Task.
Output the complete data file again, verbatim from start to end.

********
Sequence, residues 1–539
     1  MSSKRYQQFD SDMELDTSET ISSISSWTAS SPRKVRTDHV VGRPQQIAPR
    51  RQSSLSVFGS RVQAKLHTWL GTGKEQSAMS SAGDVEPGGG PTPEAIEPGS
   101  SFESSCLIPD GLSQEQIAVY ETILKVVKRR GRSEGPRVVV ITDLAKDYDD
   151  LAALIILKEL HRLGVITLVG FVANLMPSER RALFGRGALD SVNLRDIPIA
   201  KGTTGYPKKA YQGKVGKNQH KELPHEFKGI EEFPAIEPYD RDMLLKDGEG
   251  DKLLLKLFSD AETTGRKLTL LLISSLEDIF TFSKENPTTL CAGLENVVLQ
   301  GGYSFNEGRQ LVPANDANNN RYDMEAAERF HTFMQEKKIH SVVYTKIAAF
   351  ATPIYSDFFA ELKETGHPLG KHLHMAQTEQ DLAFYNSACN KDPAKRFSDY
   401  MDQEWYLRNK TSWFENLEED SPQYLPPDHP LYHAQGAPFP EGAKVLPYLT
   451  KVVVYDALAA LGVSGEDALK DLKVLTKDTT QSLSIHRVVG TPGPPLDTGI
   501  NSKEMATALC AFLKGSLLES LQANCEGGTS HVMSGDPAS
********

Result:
Sequence, residues 1–539
     1  MSSKRYQQFD SDMELDTSET ISSISSWTAS SPRKVRTDHV VGRPQQIAPR
    51  RQSSLSVFGS RVQAKLHTWL GTGKEQSAMS SAGDVEPGGG PTPEAIEPGS
   101  SFESSCLIPD GLSQEQIAVY ETILKVVKRR GRSEGPRVVV ITDLAKDYDD
   151  LAALIILKEL HRLGVITLVG FVANLMPSER RALFGRGALD SVNLRDIPIA
   201  KGTTGYPKKA YQGKVGKNQH KELPHEFKGI EEFPAIEPYD RDMLLKDGEG
   251  DKLLLKLFSD AETTGRKLTL LLISSLEDIF TFSKENPTTL CAGLENVVLQ
   301  GGYSFNEGRQ LVPANDANNN RYDMEAAERF HTFMQEKKIH SVVYTKIAAF
   351  ATPIYSDFFA ELKETGHPLG KHLHMAQTEQ DLAFYNSACN KDPAKRFSDY
   401  MDQEWYLRNK TSWFENLEED SPQYLPPDHP LYHAQGAPFP EGAKVLPYLT
   451  KVVVYDALAA LGVSGEDALK DLKVLTKDTT QSLSIHRVVG TPGPPLDTGI
   501  NSKEMATALC AFLKGSLLES LQANCEGGTS HVMSGDPAS